Moss's ex-coaches agree on one thing: He must believe you are in his corner. If he does, he will be loyal, attentive, and reliable. If not, he will have trouble performing.

"I'm the biggest Randy Moss fan there is," Pruett said. "When I hear these things about him, I just have to think they don't know him.

"The only thing about Randy is, when he's right, he's right. He's not going to budge. Maybe it's that stubbornness that gets in the way."

Fout said Moss never missed a basketball practice in three seasons. When colleges tried to schedule a weekend football recruiting trip, he declined, telling them, "Sorry, fellas, I've got a ballgame."

While in Minnesota, Moss was known for arranging for busloads of underprivileged children to come see an NFL game. Yet he once abused his own Viking corporate sponsors so harshly that he was ordered to undergo anger management counseling.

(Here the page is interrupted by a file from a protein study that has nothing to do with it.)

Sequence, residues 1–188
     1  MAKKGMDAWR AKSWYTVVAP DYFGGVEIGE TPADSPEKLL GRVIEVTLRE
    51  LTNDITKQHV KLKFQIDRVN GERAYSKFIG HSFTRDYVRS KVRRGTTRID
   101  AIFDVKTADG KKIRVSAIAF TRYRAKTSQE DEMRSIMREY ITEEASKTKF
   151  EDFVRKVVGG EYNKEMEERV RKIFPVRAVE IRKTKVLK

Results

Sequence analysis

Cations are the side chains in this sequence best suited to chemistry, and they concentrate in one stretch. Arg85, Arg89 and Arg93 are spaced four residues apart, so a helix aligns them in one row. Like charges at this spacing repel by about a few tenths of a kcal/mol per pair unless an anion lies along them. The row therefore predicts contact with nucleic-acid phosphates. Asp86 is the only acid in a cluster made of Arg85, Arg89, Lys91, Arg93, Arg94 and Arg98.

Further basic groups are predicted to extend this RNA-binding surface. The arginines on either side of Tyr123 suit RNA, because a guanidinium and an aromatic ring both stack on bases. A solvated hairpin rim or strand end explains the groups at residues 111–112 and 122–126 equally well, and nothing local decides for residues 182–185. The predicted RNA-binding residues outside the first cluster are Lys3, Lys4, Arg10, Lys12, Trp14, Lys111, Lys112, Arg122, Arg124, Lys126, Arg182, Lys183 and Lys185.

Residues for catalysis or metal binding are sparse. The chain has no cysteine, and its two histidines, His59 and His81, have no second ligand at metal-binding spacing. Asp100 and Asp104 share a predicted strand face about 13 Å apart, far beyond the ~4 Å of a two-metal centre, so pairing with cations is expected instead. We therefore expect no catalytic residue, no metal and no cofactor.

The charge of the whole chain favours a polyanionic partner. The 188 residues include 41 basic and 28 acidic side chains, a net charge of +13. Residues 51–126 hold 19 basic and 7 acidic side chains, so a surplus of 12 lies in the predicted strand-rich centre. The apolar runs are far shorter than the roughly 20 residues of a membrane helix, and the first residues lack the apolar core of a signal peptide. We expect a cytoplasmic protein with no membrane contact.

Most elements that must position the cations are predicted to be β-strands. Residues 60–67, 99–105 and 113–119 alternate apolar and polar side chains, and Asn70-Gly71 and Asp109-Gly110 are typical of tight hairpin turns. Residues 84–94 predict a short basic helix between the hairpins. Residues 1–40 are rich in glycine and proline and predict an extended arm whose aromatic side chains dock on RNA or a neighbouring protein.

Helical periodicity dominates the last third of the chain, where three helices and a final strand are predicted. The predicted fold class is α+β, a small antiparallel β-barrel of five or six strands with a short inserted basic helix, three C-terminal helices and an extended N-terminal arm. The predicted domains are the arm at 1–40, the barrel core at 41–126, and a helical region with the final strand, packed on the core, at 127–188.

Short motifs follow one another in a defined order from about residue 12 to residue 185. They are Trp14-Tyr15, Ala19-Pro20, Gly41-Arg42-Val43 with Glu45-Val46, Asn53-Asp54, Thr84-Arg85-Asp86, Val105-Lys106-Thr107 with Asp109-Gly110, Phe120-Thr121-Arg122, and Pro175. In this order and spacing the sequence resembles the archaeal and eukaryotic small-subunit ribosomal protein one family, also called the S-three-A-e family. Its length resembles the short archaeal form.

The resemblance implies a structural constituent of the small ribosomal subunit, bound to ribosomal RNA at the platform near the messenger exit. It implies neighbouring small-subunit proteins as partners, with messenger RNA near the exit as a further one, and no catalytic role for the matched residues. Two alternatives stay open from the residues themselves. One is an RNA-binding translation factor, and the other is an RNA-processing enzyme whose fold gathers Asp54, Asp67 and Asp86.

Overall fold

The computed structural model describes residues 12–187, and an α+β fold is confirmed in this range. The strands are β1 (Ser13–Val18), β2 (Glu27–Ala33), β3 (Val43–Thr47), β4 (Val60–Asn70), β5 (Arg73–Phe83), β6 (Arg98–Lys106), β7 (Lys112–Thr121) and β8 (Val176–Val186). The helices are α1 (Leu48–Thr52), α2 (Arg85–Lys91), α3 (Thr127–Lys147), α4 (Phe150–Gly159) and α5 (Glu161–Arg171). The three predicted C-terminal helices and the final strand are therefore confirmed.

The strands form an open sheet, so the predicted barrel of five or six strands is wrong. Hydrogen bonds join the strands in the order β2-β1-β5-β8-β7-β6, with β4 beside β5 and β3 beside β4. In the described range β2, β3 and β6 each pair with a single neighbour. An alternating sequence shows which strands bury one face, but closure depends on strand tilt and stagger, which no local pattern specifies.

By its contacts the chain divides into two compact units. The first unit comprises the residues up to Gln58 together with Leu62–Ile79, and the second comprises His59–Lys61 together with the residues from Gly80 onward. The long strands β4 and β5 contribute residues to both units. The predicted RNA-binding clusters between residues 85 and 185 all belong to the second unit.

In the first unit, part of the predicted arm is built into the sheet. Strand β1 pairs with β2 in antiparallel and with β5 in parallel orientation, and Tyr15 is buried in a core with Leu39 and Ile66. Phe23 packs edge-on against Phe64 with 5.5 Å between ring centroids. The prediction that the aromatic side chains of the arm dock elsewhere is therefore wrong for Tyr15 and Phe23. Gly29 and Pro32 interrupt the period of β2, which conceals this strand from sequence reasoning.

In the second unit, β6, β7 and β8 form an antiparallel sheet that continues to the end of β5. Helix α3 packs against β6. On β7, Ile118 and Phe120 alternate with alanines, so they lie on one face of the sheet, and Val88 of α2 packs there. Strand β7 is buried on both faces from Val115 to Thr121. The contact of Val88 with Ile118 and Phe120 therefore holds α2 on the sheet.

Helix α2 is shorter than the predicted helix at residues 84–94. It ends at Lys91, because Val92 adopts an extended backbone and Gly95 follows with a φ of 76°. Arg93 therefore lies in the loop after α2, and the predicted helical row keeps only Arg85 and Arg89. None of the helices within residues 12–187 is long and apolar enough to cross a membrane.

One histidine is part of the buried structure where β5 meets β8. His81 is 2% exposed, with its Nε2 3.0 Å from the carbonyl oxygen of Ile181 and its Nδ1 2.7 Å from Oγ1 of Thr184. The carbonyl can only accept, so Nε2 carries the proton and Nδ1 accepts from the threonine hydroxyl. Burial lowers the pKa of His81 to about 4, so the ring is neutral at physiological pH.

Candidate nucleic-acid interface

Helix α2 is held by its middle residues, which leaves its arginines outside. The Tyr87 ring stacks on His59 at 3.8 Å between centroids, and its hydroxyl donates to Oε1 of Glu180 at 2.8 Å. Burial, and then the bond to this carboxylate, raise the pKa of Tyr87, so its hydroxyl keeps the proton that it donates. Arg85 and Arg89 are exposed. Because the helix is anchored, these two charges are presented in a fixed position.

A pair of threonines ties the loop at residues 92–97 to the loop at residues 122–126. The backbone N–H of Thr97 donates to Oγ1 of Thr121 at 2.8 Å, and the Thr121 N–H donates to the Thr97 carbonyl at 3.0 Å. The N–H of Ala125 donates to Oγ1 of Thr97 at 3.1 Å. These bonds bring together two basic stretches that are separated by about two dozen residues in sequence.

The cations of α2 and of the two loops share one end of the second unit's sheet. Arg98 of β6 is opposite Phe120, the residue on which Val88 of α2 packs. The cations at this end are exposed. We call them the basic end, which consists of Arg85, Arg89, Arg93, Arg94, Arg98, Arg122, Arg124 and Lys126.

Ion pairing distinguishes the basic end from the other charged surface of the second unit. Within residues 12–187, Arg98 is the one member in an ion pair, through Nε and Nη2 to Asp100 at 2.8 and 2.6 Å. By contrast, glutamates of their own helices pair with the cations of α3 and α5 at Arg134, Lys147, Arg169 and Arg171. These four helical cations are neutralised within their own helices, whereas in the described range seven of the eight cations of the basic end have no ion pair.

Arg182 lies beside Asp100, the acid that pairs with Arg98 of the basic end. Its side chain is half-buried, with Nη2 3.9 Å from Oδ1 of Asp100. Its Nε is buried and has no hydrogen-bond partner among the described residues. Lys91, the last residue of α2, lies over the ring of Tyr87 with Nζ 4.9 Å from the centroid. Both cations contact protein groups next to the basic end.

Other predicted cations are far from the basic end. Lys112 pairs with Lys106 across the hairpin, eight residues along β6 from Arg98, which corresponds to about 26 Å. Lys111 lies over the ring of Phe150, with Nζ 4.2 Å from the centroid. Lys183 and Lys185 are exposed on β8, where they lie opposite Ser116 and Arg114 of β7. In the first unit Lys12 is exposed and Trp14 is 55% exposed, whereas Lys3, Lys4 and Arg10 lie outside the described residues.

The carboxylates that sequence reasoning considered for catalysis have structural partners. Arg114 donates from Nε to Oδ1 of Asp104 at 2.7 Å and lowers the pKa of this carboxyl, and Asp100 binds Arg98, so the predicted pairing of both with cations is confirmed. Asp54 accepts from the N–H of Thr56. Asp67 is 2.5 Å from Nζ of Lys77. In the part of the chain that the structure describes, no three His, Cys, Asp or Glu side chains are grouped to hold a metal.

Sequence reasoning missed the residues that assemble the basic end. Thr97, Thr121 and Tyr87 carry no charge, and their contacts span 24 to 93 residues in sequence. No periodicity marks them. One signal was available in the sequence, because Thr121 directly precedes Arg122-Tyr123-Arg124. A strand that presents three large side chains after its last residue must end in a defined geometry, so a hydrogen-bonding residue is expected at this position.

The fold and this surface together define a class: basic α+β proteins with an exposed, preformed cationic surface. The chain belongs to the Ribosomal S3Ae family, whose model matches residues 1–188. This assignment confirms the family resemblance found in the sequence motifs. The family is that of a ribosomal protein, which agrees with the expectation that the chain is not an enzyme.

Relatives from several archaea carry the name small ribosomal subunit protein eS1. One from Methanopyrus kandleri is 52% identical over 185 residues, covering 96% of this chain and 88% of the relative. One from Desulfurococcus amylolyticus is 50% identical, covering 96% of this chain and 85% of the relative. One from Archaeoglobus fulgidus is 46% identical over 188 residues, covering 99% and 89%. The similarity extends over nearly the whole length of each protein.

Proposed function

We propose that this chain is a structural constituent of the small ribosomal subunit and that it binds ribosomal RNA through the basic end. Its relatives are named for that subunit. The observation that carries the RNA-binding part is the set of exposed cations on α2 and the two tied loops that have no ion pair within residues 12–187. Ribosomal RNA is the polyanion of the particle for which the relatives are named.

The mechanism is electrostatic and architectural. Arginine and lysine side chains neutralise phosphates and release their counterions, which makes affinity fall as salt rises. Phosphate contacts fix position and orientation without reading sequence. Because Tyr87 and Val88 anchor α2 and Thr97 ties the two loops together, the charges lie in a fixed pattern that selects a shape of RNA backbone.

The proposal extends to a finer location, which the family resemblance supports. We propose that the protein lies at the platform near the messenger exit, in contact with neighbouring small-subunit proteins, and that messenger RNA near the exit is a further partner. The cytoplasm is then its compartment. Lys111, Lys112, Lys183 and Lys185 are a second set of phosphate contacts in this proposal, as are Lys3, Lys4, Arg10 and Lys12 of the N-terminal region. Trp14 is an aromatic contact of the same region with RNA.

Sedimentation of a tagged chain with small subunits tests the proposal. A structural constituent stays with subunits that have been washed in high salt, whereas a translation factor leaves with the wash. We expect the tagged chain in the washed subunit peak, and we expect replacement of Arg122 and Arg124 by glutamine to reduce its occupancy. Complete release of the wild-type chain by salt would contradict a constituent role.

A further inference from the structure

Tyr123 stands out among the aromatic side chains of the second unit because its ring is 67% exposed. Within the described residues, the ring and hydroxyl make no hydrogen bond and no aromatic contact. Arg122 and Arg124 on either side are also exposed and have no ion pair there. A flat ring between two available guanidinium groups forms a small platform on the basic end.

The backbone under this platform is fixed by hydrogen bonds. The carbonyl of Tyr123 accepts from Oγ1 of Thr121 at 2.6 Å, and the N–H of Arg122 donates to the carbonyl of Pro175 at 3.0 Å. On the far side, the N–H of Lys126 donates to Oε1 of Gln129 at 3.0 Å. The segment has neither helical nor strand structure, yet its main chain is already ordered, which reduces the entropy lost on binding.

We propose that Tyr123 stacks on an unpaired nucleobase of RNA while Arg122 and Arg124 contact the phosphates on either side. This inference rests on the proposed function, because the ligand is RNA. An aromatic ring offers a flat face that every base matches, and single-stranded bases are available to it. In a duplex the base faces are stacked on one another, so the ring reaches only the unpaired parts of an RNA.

When the 1996 Marshall championship team held a reunion recently, Moss got wind that some of his teammates couldn't afford to come, so he paid their way. "That's respect for the program, for the game," Pruett said.

Yet Moss demonstrated so little respect for an official in a 2000 Vikings playoff game against St. Louis that he squirted him with a water bottle and was fined $40,000.

Jim Fout was there when a young Moss kicked a boy who lay on the ground, unable to defend himself. He was also there when Moss got on the ground himself, to bring a smile to a special needs child.

"There are things Randy wished never happened," said Fout. "He's not perfect. None of us are."

The "hating," Moss said recently, will always dog him, no matter what he does.

And yet, if he leaps above a crowd of defenders today and catches a football with one hand, making it look so easy you'd think that's how it's meant to be done, the "hating" will dissipate in an instant.

And he will matter - as he always has.

Jackie MacMullan can be reached at

(Correction: Because of a reporting error, the name of the high school Randy Moss attended was incorrect in a Page One story on Sunday about the Patriots star receiver. Moss attended DuPont High School in Belle, W. Va.)